Read this before you redesign your database !

By Mainak Biswas September 06, 2006 - 1,908 views

As business evolves, the information that they store and process also changes and that means the underlying database structures that have been holding well for many years needs to be changed as well. This are even more complicated when you have redesign an “in use” system.

Here is a step by step guide on what needs to be done:

Step 1: Draw the structure of the new database on Paper
Based on the new business requirements, you need to draw the structure of the new database on paper. We often use MS Access at this stage because it has a got a “Documenter” tool which generates a real professional output in a relatively short time.

Step 2: Analyze Existing Scripts / Code
Now you need to analyze the existing code to see how they are using the current database structure and how this usage will change based on the revised structure. For instance, if you are trying to split a long table into two separate tables, then all previous “Select *” queries on that table will be useful. Thus, all the existing code will have to be rewritten.

Step 3: Create a migration plan
You need to create a migration plan. Leaving the tech stuff aside, this basically means how you are going to transfer the data from the old data into the new database. For this you will have a write a script of some kind. This stage is very critical because you might have to adjust your new database. For instance: If in the old database you have customers table which had a name column. Now, if the revised database has firstname, middlename and lastname column then I can bet your database redesign dreams will end here as you can’t migrate the data between the two versions unless your plan includes manual typing.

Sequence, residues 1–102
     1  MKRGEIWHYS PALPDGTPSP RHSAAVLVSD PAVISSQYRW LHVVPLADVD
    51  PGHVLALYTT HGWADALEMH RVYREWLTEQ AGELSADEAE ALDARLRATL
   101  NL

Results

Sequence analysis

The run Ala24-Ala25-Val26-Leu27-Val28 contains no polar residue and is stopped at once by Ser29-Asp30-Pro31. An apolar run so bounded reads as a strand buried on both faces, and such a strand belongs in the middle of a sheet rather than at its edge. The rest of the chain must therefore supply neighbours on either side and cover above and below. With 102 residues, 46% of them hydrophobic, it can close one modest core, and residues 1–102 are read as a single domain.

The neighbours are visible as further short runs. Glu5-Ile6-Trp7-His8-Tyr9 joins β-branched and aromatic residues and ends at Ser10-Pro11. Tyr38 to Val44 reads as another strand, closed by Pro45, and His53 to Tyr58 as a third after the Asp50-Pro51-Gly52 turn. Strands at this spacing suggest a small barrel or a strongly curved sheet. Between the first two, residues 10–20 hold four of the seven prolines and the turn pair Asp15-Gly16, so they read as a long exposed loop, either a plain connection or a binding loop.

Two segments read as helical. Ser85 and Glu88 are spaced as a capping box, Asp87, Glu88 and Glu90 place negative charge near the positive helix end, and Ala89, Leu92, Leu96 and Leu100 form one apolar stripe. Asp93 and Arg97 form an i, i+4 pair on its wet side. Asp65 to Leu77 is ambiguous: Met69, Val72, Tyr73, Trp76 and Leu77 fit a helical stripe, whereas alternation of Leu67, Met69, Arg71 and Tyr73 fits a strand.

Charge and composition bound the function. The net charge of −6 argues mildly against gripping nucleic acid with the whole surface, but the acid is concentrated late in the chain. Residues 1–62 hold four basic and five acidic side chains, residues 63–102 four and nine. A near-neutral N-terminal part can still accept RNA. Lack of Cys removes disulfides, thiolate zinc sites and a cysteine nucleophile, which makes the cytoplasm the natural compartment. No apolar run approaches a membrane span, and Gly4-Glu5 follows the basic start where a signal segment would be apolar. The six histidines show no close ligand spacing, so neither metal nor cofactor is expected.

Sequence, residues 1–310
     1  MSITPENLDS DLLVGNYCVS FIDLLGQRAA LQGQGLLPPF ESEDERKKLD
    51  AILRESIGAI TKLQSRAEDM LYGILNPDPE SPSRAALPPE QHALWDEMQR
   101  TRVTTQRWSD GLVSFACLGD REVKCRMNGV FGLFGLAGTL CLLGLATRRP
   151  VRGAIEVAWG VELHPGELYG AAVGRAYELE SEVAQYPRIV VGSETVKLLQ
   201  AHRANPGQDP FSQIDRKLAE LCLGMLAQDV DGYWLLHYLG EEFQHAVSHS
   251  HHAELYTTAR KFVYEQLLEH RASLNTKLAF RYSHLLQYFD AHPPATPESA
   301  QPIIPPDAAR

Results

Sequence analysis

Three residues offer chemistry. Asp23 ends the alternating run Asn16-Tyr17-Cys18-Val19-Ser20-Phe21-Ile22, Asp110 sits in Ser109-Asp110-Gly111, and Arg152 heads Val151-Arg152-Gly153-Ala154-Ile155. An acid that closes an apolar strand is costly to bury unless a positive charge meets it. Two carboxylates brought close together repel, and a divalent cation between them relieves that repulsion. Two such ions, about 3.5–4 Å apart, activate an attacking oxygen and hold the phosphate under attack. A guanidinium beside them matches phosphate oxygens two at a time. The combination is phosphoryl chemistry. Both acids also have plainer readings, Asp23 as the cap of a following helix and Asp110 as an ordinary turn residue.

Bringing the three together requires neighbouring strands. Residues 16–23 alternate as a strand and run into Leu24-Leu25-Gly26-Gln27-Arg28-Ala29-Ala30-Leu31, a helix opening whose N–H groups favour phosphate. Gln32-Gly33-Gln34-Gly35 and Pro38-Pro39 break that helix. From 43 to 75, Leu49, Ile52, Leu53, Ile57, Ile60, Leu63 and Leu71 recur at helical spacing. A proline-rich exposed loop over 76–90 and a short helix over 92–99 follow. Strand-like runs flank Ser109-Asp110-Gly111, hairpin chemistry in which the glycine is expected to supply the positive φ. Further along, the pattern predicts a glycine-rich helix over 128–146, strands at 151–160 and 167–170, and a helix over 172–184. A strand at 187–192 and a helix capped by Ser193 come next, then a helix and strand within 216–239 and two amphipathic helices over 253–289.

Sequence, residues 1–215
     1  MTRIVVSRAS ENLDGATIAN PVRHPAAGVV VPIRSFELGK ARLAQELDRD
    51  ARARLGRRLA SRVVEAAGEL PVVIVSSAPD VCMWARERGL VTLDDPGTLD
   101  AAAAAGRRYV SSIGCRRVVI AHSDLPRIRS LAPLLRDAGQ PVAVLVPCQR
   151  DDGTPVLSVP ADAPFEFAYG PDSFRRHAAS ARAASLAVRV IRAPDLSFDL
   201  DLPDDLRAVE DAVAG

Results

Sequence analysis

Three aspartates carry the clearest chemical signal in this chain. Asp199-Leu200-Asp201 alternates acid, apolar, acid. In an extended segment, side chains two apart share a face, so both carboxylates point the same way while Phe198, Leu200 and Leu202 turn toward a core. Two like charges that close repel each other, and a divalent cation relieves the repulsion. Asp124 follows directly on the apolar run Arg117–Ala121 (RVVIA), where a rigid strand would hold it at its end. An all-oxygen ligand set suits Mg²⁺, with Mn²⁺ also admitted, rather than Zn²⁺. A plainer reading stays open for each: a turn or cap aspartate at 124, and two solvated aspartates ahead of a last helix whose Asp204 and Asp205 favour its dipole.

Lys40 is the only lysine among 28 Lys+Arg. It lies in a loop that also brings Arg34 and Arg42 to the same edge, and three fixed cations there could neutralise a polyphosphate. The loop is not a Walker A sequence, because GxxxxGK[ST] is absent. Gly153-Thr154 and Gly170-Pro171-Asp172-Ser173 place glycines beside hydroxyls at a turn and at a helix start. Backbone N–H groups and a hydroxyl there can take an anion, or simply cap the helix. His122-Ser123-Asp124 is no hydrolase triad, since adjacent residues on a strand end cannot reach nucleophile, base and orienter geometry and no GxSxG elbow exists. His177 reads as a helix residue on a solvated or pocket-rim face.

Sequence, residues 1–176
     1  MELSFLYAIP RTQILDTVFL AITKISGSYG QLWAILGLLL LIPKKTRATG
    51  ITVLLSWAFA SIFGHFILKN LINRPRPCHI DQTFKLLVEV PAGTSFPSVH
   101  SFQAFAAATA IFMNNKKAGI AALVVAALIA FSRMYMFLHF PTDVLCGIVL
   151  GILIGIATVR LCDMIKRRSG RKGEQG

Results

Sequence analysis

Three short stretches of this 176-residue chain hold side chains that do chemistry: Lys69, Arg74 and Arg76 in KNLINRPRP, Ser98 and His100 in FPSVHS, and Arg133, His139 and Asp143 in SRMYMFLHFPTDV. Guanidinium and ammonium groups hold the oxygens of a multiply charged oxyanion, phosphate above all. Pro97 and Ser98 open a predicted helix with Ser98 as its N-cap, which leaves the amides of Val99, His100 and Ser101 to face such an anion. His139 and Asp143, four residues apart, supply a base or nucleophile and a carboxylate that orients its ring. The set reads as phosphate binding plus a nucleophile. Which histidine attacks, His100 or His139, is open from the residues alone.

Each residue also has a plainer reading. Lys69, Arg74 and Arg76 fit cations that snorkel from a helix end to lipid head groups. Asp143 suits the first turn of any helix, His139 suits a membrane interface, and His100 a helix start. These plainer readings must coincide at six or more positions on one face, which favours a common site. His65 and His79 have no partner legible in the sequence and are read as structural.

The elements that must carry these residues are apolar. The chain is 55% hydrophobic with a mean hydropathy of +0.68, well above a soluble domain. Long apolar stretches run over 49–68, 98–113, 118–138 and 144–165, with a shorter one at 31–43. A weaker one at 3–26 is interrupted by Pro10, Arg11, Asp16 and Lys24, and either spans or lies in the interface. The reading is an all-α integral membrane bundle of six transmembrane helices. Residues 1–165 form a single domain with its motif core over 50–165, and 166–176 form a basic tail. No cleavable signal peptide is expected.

Step 4: Create the new database
Now you get to design the new database structure as it should be implemented unless you have done in the very first step itself.

Step 5: Test the Migration Plan
You now need to test the migration plan on a sub-set of “old” database to ensure that the data can be migrated as you planned.

Step 6: Adjust the code
Now its time to edit the code! You need to go line by line and change all queries which are affected by the revised design.

Step 7: Perform the Migration
The day you have been waiting for has finally arrived; you get to perform the migration which means you upload the new code and execute the migration script.

Last Step: Test
All said and done, done forget to test the whole system once again to ensure that things are working as expected. 

Of course, you should never play with the live database. With all those GUI tools available in the market, it’s real tempting and easy to make changes on the live system. Always work on a backup copy and perform the migration on actual system once the dummy system has been tested properly.

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